Freeman’s work also refers to the ways that racial politics shaped the culture of violence in the United States, especially as the country’s politics and parties reoriented around the question of slavery and its expansion. Southern violence – as Northern critics frequently pointed out – was tied to the way that plantations and enslaved people were governed. ‘By definition, a slave regime was violent and imperilled’ because of the threat of revolution (70), and thus Southerners reacted violently to any suggestion of or advocacy for abolition as a threat to their lives and their honour. This endemic violence also produced a South that embraced a culture of duelling and private violence (‘such man-to-man encounters were semi-sanctioned in the South’ (70)).
Northerners, on the other hand, rejected duelling and perceived Southern objections – correctly – as bullying. Worse, it denied Northerners their rights: ‘The very act of speaking in the face of howling resistance was a declaration of Northern rights, because it asserted the right of free speech on the floor [of Congress]’ (211). The Civil War was fought over slavery, but in large part because Northerners perceived the ‘Slave Power’ as oppressing not just African Americans, but the citizenry in general. This fear of being denigrated and humiliated, especially by elite figures – a sentiment which reappears over and over again in the sources Freeman cites – speaks powerfully to contemporary politics.
Freeman’s narrative is especially strong in describing the final years before the Civil War. In the final pre-war Congresses violence grew more common, and members increasingly came armed. Southerners frequently threatened to seize the chamber by armed force. ‘Many congressmen strapped on knives and guns each morning as they headed off to Congress, and their number was growing; Northerners had been urging their representatives to arm since [Sen. Charles] Sumner’s caning [in 1856]’ (249).
Sumner’s caning is perhaps the most famous act of Congressional violence of this era. Sumner, who represented Massachusetts, made a famously piercing attack on pro-slavery forces during the ‘Bleeding Kansas’ unrest. Sumner’s words prompted Representative Preston Brooks of South Carolina (a cousin of one of Sumner’s targets) to savagely attack him on the Senate floor. This notorious assault – which left Sumner recovering from his injuries for more than three years – often appears in standard histories and textbooks, and Freeman gives an interesting new perspective on the attack and the way it both fitted with and transgressed the rules of the time.
Freeman’s book is exceptionally well researched. Her examination of journalistic records and diaries is thorough, and her explanations about how journalists covered Congress are fascinating enough for a book in its own right. Freeman explains how the most widely circulated press record, the Congressional Globe, frequently omitted or bowdlerised accounts of Congressional violence, as did Washington papers in general, partly because DC papers relied on federal printing contracts (186-87). The development of a national press and the telegraph produced a more open reporting, and tended to heighten the cycle of violence.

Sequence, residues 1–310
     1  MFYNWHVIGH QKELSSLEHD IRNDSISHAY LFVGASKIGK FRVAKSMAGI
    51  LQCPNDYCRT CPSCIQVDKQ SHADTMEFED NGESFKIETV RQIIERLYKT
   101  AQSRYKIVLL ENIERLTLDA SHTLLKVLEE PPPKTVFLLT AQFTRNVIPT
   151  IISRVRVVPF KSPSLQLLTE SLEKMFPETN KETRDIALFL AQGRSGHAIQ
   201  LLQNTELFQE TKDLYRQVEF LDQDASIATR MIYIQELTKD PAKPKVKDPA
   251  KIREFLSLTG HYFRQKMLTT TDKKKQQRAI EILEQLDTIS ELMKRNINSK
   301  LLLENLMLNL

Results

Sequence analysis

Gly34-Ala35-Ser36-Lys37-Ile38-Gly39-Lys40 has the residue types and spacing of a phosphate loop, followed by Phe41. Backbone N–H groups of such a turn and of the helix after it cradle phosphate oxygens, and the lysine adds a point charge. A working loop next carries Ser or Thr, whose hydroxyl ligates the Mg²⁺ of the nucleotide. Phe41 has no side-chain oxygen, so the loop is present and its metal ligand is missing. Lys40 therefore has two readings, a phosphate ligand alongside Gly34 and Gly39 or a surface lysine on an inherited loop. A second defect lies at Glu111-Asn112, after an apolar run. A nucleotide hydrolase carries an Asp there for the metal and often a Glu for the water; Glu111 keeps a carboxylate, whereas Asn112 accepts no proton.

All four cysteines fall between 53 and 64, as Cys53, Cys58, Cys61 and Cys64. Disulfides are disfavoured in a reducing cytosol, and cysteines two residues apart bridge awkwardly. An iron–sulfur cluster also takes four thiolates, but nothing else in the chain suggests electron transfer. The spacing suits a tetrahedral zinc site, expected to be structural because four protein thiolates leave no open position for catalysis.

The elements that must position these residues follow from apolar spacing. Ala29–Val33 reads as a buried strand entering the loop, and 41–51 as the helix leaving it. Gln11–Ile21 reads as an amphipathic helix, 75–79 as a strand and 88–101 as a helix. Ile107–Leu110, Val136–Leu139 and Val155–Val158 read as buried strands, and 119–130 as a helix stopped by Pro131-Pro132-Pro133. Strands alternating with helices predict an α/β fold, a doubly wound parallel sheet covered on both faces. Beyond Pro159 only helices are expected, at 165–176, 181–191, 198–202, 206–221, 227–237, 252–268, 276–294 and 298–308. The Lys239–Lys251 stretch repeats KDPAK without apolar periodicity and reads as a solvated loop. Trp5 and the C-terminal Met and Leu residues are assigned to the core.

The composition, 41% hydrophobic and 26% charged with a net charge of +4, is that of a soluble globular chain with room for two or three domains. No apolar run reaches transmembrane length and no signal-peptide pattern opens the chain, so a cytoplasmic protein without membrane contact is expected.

Freeman’s style is rather breezy and conversational for an academic history, which (for a snobbish academic like myself) can be occasionally off-putting. At one point, she refers to John Quincy Adams – the sixth President, then a Congressman, and an irascible opponent of slavery – as ‘clearly, Fight Consultant Extraordinaire’ (35)). That said, her subject does lend itself to comedy at times: for example, an 1858 melee in the House ended in part because one member accidentally yanked off Congressman William Barksdale’s hairpiece. Freeman’s reference to ‘the hilarity of Barksdale’s flipped wig’ (240) seems apropos.
Freeman’s informal tone partly reflects the way she has chosen to frame her narrative. She uses Benjamin Brown French, a New Hampshire Democrat-turned-Republican who served as clerk of the House, as a sort of viewpoint character, in large part because French was an avid diarist. It helps that French was a friend to almost every senior figure in American politics, including Franklin Pierce, the fourteenth President of the United States. He also knew Abraham Lincoln: Freeman provides a photo of French taken at the dedication of the Gettysburg national cemetery (the occasion of the Gettysburg Address), in which he stands behind the President (276).
I would have liked more examination of the roles of race, violence and humiliation beyond Congress, especially the ways that violence was central to the governance of the South during (and after) slavery. But overall, this is a well-written, pacey and enlightening account of how the American polity developed and fragmented within the close quarters of its central institution.
- This review originally appeared at the LSE Review of Books.
Note: This article gives the views of the authors, and not the position of USAPP– American Politics and Policy, nor of the London School of Economics.
Shortened URL for this post: http://bit.ly/2YUEIIp
Ben Margulies – University of Brighton
Ben Margulies is a lecturer in political science at the University of Brighton. He was previously a postdoctoral fellow at the University of Warwick. He specialises in European, comparative and party politics.